Devoted Ethiopians have also demonstrated their outstanding hospitality to the nine Saints and other tens of thousands of Christians who were persecuted from Eastern Europe and came to Africa in groups. The residences and the tombs of those persecuted Christians have been kept as sacred shrines in various parts of Ethiopia.

In Africa and in Ethiopia we have pieces of the Holy Cross. The right part of the Cross has been kept in Ethiopia, in a place called Goshen Mountain.

The Cross of Christ was carried also by the Christians of Africa. I am thinking about my Church that recently suffered a hard persecution during the communist dictatorship, with many new martyrs among whom the Patriarch Theophilos, and before him, Abuna Petros, during the colonial period. I myself, then a bishop, spent long years in jail before being exiled. When I became Patriarch, after the end of communism, there was much to be rebuilt. This has been our work, through the help of God, the prayer of our monks and the generosity of the faithful.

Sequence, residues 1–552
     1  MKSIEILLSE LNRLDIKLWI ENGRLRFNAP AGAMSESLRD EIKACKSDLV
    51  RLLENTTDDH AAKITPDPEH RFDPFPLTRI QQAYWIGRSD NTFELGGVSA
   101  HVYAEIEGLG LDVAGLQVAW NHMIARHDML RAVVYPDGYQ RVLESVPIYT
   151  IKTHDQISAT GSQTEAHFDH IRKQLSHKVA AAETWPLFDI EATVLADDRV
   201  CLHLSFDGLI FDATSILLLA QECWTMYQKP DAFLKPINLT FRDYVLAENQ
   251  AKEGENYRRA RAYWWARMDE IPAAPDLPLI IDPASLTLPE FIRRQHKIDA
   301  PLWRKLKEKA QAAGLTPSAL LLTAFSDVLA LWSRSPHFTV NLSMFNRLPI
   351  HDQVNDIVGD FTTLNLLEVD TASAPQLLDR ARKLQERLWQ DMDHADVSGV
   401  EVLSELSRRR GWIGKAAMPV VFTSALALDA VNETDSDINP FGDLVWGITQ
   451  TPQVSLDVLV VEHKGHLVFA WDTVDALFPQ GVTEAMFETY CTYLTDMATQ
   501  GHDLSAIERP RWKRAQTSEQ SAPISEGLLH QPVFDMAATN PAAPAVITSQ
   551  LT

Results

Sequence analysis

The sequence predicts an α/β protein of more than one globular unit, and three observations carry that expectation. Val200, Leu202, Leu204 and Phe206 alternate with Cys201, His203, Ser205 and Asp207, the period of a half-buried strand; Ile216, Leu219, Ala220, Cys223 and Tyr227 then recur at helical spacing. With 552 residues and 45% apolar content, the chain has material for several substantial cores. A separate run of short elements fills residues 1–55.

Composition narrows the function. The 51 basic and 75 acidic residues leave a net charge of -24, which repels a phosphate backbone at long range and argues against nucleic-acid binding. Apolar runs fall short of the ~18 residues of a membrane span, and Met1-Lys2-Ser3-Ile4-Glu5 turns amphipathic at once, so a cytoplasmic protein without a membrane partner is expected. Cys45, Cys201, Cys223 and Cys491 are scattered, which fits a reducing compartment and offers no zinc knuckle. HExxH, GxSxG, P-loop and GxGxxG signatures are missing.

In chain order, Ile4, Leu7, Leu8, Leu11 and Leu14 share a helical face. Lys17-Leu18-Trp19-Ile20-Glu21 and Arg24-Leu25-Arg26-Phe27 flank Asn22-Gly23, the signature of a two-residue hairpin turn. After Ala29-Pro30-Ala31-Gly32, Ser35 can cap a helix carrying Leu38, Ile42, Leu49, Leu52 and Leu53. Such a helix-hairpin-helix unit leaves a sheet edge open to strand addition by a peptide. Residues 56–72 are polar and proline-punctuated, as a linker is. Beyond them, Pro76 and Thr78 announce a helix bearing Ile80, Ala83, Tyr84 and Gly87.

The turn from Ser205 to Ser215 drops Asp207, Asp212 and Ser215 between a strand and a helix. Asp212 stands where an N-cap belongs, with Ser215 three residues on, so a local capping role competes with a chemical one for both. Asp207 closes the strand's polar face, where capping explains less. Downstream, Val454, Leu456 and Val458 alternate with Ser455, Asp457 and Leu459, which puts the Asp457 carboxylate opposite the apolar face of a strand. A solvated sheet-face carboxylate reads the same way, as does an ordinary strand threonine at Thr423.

Africa is a potentially wealthy continent, with fertile soil, natural resources, and a variety of plants and animal species. Africa has a suitable climate and possesses several precious minerals. For it has been a continent with many untapped natural resources, many have still their eyes on it. It is also undeniable that the civilization gains in other parts of the world is the result of labor and resource from Africa.

Africans have done such blessed works for the world. What has the world done for them?

Africa had been badly colonized and its resources have been exploited. The rich nations who developed exploiting African resources remember Africa only when they need something from it. They haven’t supported the continent in its struggle for the development at all.